Economist: Here's why mortgage supply and demand isn't normal

Economist: Here's why mortgage supply and demand isn't normal

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Lending

FHFA announces $1.9B settlement with Deutsche Bank

Settlement resolves legacy mortgage securities claims

rope money

The Federal Housing Finance Agency inked a $1.9 billion settlement with Deutsche Bank (DB) Friday, settling claims related to alleged violations of federal and state securities laws.

The deal resolves another private-label mortgage-backed securities lawsuit filed against a major bank by the FHFA on behalf of Fannie Mae and Freddie Mac.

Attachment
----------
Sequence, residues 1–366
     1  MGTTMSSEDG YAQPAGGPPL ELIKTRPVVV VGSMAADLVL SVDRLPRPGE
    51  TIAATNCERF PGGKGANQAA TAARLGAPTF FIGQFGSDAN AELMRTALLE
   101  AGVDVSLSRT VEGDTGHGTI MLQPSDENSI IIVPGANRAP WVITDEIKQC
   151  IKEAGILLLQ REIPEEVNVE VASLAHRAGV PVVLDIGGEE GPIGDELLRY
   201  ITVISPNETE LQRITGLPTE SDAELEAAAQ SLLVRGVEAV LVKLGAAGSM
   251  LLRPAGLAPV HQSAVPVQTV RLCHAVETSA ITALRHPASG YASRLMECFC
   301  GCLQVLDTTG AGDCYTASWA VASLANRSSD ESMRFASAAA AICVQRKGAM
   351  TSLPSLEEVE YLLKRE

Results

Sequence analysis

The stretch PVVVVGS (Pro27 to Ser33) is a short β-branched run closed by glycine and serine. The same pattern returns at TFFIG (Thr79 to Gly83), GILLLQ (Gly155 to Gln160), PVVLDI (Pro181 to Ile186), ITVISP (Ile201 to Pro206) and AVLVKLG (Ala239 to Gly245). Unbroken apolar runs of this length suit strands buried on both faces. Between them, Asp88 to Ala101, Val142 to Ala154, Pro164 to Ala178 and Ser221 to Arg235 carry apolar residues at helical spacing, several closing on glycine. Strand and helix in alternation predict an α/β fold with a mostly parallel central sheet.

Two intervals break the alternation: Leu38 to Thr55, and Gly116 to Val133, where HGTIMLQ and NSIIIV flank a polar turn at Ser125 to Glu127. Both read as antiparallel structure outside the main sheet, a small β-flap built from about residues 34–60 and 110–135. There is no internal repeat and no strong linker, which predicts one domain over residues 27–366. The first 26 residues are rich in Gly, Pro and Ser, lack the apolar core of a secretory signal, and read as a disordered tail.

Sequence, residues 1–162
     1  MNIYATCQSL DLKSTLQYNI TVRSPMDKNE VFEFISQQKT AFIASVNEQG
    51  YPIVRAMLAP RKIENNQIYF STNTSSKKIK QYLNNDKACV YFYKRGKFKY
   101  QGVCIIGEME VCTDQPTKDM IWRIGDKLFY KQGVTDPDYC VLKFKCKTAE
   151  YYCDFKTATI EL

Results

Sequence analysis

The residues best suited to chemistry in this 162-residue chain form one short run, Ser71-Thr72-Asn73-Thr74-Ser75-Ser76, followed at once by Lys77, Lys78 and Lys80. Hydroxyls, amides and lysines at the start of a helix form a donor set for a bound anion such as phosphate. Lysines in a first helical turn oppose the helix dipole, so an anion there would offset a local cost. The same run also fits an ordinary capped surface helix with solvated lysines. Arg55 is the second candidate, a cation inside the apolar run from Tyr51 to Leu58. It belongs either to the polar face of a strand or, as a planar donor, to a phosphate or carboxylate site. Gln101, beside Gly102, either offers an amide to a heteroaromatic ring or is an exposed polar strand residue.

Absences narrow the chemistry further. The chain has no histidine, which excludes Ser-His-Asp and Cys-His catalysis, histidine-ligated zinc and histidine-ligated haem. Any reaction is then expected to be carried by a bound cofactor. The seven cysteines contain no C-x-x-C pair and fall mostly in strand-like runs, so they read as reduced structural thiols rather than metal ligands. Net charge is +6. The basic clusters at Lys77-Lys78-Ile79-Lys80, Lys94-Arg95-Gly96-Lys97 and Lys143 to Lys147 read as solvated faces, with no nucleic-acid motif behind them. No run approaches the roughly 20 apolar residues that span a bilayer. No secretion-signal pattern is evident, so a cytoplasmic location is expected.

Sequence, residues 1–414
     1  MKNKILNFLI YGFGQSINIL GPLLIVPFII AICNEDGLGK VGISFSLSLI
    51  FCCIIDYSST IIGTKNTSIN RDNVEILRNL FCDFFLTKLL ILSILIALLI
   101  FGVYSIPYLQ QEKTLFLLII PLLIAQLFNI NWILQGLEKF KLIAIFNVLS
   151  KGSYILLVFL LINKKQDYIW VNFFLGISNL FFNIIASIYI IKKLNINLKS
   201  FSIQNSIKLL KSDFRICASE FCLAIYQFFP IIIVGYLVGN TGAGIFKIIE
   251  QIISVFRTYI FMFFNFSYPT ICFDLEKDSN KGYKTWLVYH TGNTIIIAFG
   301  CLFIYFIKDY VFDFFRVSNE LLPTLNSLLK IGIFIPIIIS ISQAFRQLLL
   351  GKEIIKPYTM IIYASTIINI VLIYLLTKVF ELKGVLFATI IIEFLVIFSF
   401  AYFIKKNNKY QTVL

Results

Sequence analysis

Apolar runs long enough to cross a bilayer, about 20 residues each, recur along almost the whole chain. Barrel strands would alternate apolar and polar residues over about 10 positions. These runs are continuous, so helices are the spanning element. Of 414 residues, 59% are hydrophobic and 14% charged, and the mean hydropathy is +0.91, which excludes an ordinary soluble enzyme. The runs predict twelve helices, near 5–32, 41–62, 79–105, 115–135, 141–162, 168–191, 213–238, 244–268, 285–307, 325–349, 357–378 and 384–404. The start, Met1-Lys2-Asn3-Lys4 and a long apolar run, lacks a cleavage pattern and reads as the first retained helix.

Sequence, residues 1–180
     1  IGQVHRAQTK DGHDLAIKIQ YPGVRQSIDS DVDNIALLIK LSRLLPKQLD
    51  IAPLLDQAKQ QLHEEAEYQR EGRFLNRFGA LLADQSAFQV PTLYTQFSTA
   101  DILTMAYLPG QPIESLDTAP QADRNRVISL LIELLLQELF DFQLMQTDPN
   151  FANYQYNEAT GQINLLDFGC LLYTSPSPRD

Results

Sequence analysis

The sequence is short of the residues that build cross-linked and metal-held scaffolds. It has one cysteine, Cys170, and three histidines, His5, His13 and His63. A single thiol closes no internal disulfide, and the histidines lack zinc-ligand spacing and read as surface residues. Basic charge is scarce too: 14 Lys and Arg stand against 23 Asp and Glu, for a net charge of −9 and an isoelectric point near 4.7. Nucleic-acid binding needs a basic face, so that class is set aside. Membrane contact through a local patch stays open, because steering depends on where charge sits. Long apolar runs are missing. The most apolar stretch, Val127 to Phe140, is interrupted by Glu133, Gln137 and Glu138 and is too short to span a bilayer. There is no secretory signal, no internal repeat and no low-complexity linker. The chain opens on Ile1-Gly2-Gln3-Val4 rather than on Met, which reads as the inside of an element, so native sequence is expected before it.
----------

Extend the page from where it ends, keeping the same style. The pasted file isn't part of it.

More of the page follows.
It ties back to claims that Deutsche Bank sold the two government-sponsored enterprises toxic loans while misrepresenting the overall quality of the pools.

The settlement effectively ends the FHFA v. Deutsche Bank lawsuit and resolves issues related to MBS purchased by the GSEs between 2005 and 2007.

As part of the agreement, Freddie Mac will receive $1.63 billion from Deutsche Bank, while Fannie will pocket $300 million.

This is the sixth settlement reached in relation to the 18 private-label MBS lawsuits filed against banks back in 2011.

While the deal puts this issue behind Deutsche, it does release the bank from claims associated with the LIBOR – interest rate setting scandal or from claims in two other lawsuits involving mortgage securities – FHFA v. SC Americas and FHFA v. Countrywide Financial Corp.

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